A major criticism of U.S. Squash (and tennis), that also applies to North American sport in general, is that training activities are too squash-specific, too early in an athlete’s development, and feature too much technical work at the expense of developing a wider range of athletic abilities.
Here is a concrete example of what is meant by too squash-specific and too technical. Imagine a typical junior private lesson for a 9-year old at the “X” Cricket & Tennis Club in City X. After a short warm-up, the well-meaning squash professional spends 20 minutes on the forehand drive and 20 minutes on the backhand drive, correcting grip, backswing, follow through, and improving the students ability to hit the squash ball down the wall to land behind the back of the service box – finishing the lesson with a short, coach controlled game.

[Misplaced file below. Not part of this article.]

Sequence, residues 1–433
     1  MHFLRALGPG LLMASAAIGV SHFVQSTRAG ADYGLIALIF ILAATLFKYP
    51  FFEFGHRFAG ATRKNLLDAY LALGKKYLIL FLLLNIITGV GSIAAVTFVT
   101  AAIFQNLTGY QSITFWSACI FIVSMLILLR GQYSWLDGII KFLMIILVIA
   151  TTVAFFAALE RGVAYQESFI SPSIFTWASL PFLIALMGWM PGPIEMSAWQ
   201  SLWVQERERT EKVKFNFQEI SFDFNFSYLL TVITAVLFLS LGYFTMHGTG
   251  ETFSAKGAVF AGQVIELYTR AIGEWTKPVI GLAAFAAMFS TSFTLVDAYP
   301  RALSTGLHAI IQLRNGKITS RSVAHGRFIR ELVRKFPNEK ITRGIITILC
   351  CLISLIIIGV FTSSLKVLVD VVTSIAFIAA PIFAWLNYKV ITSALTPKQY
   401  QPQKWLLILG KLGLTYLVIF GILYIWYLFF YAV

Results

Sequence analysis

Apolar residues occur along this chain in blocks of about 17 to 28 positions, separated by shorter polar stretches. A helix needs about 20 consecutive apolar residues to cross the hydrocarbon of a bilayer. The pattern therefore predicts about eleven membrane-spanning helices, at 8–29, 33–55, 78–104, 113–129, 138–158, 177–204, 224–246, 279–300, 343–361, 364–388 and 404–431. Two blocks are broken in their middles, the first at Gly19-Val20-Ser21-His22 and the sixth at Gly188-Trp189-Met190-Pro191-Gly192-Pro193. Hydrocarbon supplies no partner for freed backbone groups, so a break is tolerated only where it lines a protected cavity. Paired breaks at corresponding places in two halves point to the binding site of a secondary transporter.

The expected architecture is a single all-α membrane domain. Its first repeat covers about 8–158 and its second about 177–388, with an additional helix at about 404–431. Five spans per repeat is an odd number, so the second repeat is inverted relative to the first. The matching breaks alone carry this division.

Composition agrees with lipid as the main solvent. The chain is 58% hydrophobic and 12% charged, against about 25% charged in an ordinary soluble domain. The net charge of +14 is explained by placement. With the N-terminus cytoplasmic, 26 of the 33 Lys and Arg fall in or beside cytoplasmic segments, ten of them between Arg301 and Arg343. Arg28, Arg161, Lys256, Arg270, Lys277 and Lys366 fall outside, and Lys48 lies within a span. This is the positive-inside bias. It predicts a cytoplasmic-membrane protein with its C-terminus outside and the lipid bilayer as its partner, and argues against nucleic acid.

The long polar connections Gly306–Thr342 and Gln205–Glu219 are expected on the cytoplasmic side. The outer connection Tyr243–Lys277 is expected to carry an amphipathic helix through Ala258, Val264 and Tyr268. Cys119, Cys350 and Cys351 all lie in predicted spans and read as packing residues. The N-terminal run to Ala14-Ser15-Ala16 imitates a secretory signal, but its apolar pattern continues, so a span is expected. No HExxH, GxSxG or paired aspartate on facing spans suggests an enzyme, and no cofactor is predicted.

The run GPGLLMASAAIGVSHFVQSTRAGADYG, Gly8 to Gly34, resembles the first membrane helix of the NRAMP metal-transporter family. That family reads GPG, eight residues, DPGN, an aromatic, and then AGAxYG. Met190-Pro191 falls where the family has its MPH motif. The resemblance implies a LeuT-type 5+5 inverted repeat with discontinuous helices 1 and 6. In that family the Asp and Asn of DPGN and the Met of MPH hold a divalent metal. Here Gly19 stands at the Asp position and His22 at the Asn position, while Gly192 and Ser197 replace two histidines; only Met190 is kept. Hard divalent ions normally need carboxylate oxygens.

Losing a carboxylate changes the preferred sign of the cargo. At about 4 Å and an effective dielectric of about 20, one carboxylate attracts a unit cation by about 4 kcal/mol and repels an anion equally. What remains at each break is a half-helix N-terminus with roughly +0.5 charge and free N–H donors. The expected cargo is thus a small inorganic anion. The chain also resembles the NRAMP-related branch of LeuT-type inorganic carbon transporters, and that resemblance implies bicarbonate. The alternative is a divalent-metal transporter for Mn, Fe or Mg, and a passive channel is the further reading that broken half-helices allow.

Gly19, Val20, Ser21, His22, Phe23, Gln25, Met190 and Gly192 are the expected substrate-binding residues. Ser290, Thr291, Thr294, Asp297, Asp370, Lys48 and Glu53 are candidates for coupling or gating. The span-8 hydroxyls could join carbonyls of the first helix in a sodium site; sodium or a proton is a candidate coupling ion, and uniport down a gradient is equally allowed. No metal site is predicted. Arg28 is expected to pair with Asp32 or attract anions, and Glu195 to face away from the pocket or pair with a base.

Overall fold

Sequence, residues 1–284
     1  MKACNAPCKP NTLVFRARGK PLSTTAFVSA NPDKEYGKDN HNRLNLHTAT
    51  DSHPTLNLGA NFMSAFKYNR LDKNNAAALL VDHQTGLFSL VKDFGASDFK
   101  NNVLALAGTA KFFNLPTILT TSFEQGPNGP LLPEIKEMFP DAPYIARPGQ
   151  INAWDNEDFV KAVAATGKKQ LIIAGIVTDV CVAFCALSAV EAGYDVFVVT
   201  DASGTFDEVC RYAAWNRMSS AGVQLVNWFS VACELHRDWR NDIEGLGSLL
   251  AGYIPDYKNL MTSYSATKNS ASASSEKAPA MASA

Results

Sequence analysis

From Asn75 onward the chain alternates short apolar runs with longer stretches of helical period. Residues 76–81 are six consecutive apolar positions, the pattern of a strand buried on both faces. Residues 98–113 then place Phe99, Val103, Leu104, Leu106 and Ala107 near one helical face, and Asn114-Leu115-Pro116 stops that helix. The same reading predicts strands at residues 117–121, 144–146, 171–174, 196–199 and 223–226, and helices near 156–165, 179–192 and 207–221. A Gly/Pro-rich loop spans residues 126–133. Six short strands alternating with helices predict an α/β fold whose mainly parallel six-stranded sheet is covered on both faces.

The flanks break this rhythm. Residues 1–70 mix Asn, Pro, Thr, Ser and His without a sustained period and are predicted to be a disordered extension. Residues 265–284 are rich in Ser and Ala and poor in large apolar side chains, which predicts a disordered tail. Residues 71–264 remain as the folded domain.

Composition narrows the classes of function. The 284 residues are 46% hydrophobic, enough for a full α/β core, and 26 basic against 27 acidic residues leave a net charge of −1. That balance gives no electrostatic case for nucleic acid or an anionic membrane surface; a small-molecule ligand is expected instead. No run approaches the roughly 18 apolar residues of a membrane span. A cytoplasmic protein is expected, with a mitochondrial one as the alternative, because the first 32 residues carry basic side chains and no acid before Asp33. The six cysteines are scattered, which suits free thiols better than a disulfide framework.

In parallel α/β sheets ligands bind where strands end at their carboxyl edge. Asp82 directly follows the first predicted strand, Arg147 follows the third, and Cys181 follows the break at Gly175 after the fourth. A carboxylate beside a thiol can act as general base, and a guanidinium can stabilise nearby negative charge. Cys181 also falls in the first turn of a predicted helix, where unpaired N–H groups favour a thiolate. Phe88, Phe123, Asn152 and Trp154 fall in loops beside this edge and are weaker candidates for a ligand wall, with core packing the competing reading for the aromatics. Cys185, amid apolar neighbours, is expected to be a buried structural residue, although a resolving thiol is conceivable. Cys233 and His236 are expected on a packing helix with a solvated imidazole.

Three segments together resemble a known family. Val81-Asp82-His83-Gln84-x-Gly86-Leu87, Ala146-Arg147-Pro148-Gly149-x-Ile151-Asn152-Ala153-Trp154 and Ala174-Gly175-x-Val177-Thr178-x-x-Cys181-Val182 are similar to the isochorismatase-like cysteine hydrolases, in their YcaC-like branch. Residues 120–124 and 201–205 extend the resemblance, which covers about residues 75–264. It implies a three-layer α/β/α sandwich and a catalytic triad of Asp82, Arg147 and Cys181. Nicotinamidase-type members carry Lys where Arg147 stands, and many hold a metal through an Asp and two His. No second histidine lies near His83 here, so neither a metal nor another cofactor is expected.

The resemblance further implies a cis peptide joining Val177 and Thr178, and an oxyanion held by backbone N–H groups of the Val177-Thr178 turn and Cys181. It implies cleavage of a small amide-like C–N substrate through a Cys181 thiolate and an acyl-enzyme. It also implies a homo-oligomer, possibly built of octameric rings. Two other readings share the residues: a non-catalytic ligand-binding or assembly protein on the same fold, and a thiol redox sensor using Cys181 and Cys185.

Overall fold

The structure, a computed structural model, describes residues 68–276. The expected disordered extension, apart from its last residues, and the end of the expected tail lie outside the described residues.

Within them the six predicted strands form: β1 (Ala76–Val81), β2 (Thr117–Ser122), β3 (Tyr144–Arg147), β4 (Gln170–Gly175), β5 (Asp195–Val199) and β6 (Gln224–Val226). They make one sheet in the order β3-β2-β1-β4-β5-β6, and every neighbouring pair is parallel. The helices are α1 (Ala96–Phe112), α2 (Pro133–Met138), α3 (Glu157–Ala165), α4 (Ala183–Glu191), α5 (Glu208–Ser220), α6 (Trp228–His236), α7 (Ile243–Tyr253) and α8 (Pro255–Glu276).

Contrast that with a second scenario, in which after 30-minutes of on-court instructions our 9-year old takes part in 30 minutes of the type of training activities that take place in this video:
Can you imagine the difference in the development of athletic potential? Faced with the constraints of a beginner’s racquet skills, the nature of the bounce of the squash ball, and the confines of a squash court, it is not possible for our well-meaning squash professional to develop the type of athletic skills necessary for success at the elite level in squash – as depicted in this video (focus on White’s retrieving in the second rally):